It’s interesting to note that latitude 38 runs right through another sailing mecca, Annapolis, Maryland, and then over to the proximities of Lisbon in Portugal, Alicante in Spain, the Balearic Islands, Sicily, Greece, Turkey, Korea and Japan. In the Southern Hemisphere it passes through Melbourne, Australia, and pretty close to Auckland, NZ, and South Africa. All are great sailing locations.
Seeing the map is also a reminder just how much of the world’s landmass is north of the equator and how much water is to the south of it. So now that you know about latitudinarians, you can go forth and explore the latitudes north and south with a true sense of your origins.
The 15th edition of the famed Transat Jacques Vabre (TJV) got underway from Le Havre, France, on Sunday, November 7. A doublehanded transatlantic race from France to the Caribbean island of Martinique, the race is open to four different classes of boats including Class 40 monohulls, Ocean Fifty trimarans, IMOCA 60 monohulls and the revered ‘Ultime’ class of unlimited maxi-trimarans. Getting underway in blustery conditions on Sunday, the big fleet of 79 yachts put up big speeds from the start — perfect for some intense action shots taken by the global yachting press — before sailing into a windless ridge of pressure that stopped the fleet dead in its tracks.
Over three days into the race as of this writing the fleet is now very spread out with the fastest trimarans rumbling south in a moderate northerly flow in the Portuguese trades, while the slower monohulls are sailing in the Bay of Biscay in relatively light air. A couple of IMOCA 60s have dismasted, including Louis Burton’s new Bureau Vallée 3 (formerly L’Occitane) and the American team 11th Hour Racing’s ‘B’ boat Alaka’i (formerly Hugo Boss). All of the sailors onboard are fine, though this is a blow to these two teams that had put in a lot of training miles without incident over the past year.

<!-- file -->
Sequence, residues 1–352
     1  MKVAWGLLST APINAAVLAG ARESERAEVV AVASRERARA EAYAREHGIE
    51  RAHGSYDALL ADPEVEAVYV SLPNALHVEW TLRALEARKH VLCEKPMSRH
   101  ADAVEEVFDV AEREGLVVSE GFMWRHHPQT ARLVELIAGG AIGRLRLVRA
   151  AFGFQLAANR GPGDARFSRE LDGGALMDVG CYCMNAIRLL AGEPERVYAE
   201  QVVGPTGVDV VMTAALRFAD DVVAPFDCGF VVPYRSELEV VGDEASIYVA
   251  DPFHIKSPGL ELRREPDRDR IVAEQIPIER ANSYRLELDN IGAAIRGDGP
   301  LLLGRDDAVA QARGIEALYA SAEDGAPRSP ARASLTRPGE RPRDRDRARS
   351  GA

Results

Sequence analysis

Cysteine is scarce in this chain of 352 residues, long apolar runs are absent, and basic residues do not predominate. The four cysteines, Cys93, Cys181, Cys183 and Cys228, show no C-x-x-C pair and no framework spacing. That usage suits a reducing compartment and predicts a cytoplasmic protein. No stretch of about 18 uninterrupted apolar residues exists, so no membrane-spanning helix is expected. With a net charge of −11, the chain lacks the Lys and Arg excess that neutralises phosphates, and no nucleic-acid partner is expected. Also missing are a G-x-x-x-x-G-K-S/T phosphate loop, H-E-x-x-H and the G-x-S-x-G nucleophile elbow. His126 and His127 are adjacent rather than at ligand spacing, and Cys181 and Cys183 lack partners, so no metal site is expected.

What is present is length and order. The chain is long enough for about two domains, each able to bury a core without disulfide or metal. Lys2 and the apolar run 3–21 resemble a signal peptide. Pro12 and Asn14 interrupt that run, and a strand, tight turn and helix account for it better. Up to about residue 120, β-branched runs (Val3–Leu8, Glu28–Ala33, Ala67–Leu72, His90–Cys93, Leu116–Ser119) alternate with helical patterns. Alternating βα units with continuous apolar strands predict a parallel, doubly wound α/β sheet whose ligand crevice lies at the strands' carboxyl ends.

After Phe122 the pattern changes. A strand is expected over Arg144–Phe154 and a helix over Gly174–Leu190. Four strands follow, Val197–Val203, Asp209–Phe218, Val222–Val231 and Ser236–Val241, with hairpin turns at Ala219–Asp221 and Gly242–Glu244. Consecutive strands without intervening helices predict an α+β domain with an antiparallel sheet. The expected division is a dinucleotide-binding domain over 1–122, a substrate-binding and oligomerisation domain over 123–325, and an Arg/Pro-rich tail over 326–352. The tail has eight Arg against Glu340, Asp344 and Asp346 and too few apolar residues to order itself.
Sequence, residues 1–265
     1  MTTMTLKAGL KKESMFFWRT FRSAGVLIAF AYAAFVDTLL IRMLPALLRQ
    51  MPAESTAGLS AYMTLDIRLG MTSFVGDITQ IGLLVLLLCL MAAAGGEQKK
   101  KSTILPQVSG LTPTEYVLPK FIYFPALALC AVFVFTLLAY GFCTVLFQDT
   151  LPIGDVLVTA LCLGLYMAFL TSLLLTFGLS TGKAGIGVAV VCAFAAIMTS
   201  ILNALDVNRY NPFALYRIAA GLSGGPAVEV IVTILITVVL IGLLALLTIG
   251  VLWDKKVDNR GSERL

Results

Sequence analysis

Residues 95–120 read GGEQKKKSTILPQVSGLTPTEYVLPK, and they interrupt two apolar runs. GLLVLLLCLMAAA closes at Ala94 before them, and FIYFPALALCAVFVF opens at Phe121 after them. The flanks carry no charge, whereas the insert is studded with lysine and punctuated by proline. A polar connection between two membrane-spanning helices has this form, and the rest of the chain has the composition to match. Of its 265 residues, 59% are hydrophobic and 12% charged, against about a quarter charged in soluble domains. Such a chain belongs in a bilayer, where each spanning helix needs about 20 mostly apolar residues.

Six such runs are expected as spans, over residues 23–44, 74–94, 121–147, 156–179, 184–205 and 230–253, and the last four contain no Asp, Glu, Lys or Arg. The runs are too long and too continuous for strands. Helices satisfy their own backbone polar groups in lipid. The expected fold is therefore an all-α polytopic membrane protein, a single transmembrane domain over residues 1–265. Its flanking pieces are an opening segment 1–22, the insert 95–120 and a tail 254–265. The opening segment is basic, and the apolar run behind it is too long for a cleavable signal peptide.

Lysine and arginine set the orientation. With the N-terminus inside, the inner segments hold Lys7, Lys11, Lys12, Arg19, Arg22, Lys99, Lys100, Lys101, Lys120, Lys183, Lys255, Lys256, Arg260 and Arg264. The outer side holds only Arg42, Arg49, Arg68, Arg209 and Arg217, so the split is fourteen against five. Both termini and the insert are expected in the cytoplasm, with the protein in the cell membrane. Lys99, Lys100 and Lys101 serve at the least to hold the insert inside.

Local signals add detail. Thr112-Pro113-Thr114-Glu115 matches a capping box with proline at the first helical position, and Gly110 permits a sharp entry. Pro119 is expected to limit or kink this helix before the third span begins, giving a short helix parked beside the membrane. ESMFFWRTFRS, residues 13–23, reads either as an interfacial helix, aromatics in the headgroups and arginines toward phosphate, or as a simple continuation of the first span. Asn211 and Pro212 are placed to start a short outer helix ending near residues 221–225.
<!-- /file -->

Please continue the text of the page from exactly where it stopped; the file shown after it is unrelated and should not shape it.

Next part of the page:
At the head of the fleet overall, Franck Cammas and Charles Caudrelier onboard Maxi Edmond de Rothschild continue their dominance over the five-boat Ultime fleet, while François Gabart’s new boat SVR Lazartigue and Armel le Cleac’h’s new boat Banque Populaire XI both get up to speed. The newly formed but very formidable duo of Erwan le Roux and Xavier Macaire onboard Koesio are currently leading the seven-boat Ocean Fifty trimaran class. At the head of the 21-strong IMOCA fleet is APIVIA, sailed by Charlie Dalin and Paul Meilhat, which has certainly proven to be the boat to beat in the last year and a half since the Vendée Globe. The race’s largest division is the Class 40 monohulls with 45 boats entered. Leading the Class 40s at this stage are the duo of Nicolas Jossier and Alexis Loison onboard La Manche #evidencenautique.
While the race is a very French affair, there are a handful of Americans, and even one Bay Area sailor! Currently sailing in fifth place in the IMOCA division is 11th Hour Racing’s ‘A’ boat Malama, which is skippered by Newport, Rhode Island, native Charlie Enright and co-skippered by Frenchman Pascal Bidegorry. In the Class 40 division, the Akilaria RC3 design named Polka Dot is skippered by Bay Area sailor Alex Mehran Jr. — a Singlehanded Transpacific Yacht Race veteran — and is co-skippered by renowned naval architect and sailor Merfyn Owen of the famed Owen Clarke yacht design. Polka Dot has taken a pretty major flyer and has deviated their route from the rest of the fleet more than any other boat in the race. Surely motivated by finding more breeze than their rivals, the duo is sailing toward an incoming low-pressure system that will hit them with headwinds, but once they tack they could come out of the low with speed and rejoin the fleet. It’s a high-risk, high-reward move, and while it seems far-fetched for it to pay off, it will surely be interesting to watch!
To follow the race, go to TransatJacquesVabre.org/en/.
You can read about previous Transat Jacques Vabre racing here.